January 20, 2021
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Book Review: Beginning Visual Basic 6 Databases

  • By John Percival
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The syntax for opening an ADO recordset is like this:

adoRecordset.Open Source, ActiveConnection, CursorType, LockType, Options

The Source argument is Optional. This is a valid command object variable name, or it might be an SQL statement, a table name, or a stored procedure call.

The ActiveConnection is also optional. This is either a valid Connection object variable name, or a String that contains our ConnectionString

The CursorType is also Optional. This is simply one of the cursor constants that tells the provider the type of cursor to use when opening the Recordset.

ConnectionString Options

There are several other options that we can provide the recordset as well. You may recall that when we build the connect string in our ADO data control, these options were provided in a drop down box. They may have looked a bit cryptic back then, but now we can see what they mean:

Description Constant
The provider should take the source as a text description of a command, such as a SQL statement adCmdText
ADO should generate an SQL statement to fetch all rows from the table in Source adCmdTable
The provider should return all of the rows from the table named in Source. adCmdTableDirect
The provider should treat the Source as a stored procedure adCmdStoredProc
The type of command in Source is unknown. You should not use this! It is the slowest of all cursors. AdCmdUnknown
A saved recordset should be restored from the file names in Source adCommandFile
Source should be executed asynchronously adFetchAsync

After the initial quantity of records specified in CacheSize is fetched, any remaining rows should be fetched asynchronously: adFetchAsync

When might you use some of these options? Well, a good illustration would be when using a transaction.

Transactions and You

Transactions are useful or even necessary when you need to make several changes at once. Think of a transaction as a logical unit of work. And if any part of the transaction fails, the whole thing is rolled back (i.e. any changes made since the beginning of the transaction are undone). The example often used in computer books is one drawn from banking. For example, let's say that you go to the bank to pay a bill. The funds are drawn from your account and placed in the electric company's account. So two things happen. First the funds are debited from your account and second, the funds are credited to the electric company's account. If the funds are not drawn from your account but are credited to the electric company, you are happy but the bank is not. If the funds are drawn from your account but not placed in the electric company's account, you are mad and the electric company is not that happy either. So both parts of the transaction must occur properly (i.e., the transaction is committed) or both part of the transaction are not executed (i.e., the transaction is rolled back).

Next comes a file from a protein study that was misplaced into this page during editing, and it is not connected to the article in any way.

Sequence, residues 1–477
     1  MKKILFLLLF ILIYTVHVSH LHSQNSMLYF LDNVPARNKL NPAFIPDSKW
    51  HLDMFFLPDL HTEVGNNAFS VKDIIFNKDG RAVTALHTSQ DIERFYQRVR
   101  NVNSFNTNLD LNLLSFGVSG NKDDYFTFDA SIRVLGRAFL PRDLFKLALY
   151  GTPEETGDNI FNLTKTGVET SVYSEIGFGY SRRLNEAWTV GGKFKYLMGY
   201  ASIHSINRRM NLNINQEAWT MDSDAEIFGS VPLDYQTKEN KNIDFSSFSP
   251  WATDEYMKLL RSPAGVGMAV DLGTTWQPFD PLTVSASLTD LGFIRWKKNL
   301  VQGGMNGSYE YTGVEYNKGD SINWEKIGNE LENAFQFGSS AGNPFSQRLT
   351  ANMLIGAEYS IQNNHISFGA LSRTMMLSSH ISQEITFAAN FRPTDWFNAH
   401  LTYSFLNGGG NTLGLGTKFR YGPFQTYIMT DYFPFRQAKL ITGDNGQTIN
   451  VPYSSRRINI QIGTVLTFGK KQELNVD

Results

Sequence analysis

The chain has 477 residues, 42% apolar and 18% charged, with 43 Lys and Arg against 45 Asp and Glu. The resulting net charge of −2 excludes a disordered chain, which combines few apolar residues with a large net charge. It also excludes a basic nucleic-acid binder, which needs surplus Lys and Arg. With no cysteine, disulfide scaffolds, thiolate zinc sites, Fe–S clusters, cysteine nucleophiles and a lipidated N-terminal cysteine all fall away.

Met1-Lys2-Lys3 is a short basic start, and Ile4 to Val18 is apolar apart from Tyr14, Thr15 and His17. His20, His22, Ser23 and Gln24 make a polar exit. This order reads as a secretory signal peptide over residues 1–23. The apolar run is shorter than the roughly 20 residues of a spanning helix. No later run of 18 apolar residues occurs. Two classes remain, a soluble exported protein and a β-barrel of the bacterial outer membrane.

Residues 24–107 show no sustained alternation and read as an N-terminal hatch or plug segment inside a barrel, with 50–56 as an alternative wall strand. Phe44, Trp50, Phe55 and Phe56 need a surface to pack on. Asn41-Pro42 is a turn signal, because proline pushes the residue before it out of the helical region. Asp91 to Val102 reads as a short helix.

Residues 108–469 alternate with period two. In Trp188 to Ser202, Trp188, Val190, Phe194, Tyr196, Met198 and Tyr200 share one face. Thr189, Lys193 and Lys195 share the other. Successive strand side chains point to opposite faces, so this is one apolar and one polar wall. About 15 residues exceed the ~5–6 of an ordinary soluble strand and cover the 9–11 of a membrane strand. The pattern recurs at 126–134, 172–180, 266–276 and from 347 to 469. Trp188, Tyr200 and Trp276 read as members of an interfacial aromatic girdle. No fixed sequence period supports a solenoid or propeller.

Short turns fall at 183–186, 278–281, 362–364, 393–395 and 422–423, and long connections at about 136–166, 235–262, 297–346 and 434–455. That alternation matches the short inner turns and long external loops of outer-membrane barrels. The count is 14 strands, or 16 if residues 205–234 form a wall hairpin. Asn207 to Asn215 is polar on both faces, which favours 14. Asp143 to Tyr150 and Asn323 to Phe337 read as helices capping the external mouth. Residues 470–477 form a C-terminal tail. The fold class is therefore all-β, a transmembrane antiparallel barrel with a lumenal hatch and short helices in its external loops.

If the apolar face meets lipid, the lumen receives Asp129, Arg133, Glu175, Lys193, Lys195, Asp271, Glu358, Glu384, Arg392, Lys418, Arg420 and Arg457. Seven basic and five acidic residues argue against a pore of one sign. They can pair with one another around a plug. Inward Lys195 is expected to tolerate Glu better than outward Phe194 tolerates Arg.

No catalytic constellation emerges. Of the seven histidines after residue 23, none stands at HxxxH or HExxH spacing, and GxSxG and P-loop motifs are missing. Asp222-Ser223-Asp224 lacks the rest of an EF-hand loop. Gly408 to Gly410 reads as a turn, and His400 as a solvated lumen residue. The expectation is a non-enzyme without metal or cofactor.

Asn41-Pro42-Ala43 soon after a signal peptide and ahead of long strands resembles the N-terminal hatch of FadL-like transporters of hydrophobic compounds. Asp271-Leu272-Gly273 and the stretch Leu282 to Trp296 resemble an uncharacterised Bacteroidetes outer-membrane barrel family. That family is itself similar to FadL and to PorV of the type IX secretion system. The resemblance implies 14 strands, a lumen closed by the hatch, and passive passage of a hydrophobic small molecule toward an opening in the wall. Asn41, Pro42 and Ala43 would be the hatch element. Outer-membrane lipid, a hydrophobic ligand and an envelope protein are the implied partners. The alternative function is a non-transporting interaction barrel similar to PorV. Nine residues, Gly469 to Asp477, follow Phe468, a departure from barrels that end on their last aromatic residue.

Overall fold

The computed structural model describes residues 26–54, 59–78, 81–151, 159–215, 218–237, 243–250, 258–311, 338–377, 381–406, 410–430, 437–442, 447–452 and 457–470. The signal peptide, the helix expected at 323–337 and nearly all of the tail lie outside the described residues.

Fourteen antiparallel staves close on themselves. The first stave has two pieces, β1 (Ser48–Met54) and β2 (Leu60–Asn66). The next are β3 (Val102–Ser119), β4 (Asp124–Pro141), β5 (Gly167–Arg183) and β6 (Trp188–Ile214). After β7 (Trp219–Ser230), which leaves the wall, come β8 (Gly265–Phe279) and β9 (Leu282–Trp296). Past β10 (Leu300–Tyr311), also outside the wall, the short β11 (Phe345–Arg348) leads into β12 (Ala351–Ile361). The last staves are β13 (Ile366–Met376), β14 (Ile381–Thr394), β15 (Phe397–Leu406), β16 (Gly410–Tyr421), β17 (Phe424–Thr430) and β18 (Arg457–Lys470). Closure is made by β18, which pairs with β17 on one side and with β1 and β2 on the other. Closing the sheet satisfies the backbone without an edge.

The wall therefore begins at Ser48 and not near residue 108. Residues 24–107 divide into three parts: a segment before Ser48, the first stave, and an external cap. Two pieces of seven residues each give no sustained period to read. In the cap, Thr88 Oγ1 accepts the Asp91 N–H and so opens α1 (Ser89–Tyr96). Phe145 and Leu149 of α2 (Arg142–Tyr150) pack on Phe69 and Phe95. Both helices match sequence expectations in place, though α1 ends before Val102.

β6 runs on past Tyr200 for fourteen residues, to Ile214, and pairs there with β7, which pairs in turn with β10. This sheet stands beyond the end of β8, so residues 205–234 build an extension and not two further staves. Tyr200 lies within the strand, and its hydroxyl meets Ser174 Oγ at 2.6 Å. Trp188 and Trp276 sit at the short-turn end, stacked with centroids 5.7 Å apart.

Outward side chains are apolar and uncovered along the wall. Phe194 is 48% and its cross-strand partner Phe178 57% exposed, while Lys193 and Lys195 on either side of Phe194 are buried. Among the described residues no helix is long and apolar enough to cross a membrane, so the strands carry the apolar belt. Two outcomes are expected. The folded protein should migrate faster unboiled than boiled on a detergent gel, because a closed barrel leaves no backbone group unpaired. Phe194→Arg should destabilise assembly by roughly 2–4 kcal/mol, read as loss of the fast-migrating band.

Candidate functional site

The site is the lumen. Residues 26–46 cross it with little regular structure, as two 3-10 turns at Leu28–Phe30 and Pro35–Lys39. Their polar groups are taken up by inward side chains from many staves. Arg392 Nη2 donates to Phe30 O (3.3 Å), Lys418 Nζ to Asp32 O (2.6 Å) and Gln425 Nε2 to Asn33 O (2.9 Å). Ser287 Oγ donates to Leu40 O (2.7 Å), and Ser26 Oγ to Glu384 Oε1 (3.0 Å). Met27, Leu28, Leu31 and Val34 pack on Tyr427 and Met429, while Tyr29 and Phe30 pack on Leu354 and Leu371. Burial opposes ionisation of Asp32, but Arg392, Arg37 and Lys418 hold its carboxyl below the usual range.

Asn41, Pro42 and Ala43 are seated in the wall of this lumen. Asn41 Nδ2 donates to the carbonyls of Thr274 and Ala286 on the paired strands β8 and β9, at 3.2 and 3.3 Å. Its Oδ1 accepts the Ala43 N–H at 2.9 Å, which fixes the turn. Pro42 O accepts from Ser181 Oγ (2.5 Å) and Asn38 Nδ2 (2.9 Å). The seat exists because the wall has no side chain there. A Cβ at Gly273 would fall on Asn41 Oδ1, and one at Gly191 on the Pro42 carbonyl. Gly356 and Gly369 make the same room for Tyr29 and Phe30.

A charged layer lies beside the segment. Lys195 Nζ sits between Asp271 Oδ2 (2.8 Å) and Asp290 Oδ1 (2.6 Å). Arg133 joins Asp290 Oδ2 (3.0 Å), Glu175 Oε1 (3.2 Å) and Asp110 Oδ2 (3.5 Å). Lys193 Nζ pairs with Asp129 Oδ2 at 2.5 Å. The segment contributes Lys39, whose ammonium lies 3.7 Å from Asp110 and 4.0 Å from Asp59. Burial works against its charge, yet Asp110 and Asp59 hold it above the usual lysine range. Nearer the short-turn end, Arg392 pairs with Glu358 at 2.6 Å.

Computer scientists use the acronym ACID to define the characteristics of a transaction.

Atomicity - Although the changes may include several records, if anything fails the entire transaction fails. The system goes back to a pre-transaction state.

Consistency -Although A transaction never leaves the database in an inconsistent state. If a change is made, it can be undone if the transaction fails at a later point.

Isolation - Although A transaction behaves as if it were in complete isolation from other transactions in the system.

Durability - Once a transaction's changes are committed, they persist beyond any system failure. If the system crashes (or GPF's!) after the transaction is committed, the transaction's results are still maintained.

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This article was originally published on November 20, 2002

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